Part of the ancient Roman Road that connected IIerda (Lérida) with Osca (Huesca) can still be seen in the outskirts of Berbegal. It in turn was part of the longer road that joined Tarracone with Asturica and made up part of the great Roman route from Italy to Spain.
These impressive structures, thousand of kilometres long, highlight the will of the Roman administrators to facilitate the delivery of people, goods and merchandise to any part of the Roman Empire.
The Romans brought with them technologies that were previously unknown in the region and left behind a legacy that lasted throughout the centuries that followed. However, with the end of the Roman Empire, people no longer needed to travel 1000 kilometres at an average of 20 km per hours and the roads fell into disuse. The inability of people to maintain the roads and the lack of state administration made it impossible to maintain the road network that had sustained the Roman civilization.
The road that ran between Ilerda-Osca-Caesaraugusta (Lérida-Huesca-Zaragoza) passed through the following villages:
Ilerda (Lérida), Mendiculeia (Monte de las Pueblas, Tamarite de Litera), Tolous (Cerro de la Alegría, Monzón), Caum (near to Ilche), Pertusa (Pertusa), Osca (Huesca), Bourtina (Almudévar), Gallicum (close to San Mateo de Gállego), Caesaraugusta (Zaragoza), Balsiones (Mallén) and Cascantum (Cascante, Navarra).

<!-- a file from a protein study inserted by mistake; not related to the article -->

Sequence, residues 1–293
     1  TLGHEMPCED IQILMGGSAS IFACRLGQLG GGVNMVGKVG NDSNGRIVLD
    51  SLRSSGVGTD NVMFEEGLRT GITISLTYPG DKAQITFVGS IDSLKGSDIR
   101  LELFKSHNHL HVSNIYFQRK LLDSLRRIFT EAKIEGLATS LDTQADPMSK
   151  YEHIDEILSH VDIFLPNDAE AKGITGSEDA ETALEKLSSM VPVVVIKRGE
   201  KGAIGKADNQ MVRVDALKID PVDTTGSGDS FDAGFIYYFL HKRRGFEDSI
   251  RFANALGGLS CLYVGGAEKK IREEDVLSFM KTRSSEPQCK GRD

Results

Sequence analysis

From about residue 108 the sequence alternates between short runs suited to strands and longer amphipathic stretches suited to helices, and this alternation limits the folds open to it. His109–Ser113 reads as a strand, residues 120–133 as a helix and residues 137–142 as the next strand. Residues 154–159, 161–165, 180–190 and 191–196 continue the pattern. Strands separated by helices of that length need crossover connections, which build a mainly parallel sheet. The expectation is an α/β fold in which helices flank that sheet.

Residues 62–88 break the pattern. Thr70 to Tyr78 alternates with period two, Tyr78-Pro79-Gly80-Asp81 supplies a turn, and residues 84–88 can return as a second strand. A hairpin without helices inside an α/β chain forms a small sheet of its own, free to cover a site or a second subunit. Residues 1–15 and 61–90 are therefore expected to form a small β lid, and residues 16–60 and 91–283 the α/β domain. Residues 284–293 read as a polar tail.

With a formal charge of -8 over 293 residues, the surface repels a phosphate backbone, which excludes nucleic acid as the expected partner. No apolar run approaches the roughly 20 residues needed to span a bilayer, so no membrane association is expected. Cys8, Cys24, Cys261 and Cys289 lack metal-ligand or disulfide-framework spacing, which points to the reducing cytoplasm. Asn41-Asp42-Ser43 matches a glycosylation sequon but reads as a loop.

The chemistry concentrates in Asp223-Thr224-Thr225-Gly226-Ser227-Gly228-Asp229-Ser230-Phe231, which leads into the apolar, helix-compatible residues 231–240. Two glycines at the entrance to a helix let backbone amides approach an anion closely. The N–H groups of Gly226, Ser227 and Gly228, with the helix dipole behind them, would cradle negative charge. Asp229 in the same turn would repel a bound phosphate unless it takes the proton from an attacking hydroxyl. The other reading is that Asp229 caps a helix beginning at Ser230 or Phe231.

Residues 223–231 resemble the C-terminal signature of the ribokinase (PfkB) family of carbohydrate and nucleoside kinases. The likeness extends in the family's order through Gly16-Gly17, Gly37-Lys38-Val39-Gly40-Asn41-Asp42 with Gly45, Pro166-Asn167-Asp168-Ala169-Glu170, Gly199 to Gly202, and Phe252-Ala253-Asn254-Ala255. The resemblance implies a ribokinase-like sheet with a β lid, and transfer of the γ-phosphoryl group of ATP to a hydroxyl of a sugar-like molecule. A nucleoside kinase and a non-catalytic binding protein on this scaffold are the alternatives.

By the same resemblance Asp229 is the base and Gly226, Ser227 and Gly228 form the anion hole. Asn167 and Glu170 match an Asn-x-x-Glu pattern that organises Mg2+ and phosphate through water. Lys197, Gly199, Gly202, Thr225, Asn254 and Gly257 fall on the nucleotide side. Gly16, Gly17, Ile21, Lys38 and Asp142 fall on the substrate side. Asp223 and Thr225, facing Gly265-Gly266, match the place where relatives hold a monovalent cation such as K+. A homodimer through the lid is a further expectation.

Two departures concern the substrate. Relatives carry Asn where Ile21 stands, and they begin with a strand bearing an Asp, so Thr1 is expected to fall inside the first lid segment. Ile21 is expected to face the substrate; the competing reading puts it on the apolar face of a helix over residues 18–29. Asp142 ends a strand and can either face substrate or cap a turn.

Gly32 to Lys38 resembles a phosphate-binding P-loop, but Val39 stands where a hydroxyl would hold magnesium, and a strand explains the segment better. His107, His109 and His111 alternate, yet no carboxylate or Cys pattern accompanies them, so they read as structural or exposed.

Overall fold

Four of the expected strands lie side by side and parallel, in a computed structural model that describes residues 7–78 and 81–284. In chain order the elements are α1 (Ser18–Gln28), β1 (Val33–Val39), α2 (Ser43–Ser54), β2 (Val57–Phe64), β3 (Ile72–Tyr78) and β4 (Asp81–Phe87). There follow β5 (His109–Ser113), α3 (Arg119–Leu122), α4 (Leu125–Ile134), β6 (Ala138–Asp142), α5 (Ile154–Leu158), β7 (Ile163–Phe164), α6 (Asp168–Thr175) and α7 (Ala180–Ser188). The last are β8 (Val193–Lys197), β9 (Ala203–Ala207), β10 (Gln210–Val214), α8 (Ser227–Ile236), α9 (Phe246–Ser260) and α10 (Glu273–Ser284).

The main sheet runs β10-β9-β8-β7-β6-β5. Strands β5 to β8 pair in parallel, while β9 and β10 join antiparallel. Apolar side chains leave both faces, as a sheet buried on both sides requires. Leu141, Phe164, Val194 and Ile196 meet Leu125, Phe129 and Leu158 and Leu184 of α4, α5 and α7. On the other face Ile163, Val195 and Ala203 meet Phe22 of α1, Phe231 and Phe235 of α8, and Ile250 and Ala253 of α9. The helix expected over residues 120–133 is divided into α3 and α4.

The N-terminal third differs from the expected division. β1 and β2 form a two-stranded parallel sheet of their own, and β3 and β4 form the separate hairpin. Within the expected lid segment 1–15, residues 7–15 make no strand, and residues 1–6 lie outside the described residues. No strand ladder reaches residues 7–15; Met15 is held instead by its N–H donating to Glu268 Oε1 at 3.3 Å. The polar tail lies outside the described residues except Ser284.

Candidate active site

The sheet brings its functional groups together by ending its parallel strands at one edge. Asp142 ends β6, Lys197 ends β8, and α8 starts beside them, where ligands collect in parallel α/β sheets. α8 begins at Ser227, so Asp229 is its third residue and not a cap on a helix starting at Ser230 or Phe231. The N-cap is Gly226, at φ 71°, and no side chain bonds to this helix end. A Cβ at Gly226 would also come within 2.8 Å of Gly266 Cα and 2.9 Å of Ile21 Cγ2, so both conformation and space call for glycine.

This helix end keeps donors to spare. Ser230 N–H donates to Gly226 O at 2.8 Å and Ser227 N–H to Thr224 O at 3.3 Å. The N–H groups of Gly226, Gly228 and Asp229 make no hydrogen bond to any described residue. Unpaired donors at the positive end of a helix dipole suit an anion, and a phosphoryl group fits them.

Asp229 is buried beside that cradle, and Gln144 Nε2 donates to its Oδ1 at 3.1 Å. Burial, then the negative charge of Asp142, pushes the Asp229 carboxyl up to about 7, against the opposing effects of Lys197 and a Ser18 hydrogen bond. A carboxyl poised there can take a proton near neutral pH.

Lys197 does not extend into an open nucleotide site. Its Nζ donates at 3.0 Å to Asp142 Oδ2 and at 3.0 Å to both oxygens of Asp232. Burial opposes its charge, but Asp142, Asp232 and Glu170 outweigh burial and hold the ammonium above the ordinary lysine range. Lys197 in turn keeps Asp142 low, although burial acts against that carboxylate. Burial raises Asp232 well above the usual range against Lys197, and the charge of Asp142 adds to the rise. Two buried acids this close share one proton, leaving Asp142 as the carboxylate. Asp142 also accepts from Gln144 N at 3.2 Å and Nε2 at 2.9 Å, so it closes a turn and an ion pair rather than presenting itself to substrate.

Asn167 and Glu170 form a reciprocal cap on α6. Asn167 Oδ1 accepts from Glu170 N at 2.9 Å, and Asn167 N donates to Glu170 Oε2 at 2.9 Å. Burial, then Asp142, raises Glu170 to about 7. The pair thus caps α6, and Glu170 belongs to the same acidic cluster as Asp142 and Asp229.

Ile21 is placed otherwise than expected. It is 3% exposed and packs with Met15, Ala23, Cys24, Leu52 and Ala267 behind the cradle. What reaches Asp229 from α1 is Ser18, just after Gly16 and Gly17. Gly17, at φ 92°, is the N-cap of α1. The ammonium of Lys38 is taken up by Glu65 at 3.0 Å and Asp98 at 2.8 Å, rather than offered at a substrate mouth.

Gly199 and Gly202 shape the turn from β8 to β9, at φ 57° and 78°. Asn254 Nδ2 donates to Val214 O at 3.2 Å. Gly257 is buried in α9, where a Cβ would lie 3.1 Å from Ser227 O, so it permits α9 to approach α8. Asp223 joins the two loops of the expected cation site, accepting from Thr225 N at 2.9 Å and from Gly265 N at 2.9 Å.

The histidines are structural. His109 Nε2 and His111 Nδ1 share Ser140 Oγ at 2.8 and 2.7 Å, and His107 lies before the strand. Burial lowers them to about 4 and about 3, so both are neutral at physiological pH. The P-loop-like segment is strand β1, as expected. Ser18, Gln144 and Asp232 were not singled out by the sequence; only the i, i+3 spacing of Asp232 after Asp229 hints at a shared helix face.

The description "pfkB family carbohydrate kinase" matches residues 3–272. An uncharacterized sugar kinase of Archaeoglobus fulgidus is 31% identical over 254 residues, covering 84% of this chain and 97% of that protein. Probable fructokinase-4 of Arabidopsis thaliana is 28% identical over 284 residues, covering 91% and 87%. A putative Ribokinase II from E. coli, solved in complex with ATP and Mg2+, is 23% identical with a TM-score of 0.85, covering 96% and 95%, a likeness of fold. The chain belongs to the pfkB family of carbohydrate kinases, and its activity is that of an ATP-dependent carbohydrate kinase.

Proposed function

In addition to the main roads described above, there was also a network of secondary routes used by the Roman administration, which permitted the successful organisation and exploitation of the land and its resources.
Finally, in addition to this huge network of roads, there were many smaller routes and footpaths that connected the major routes with the smaller villages and hamlets of the region, which were distributed according to farming and cultivation needs.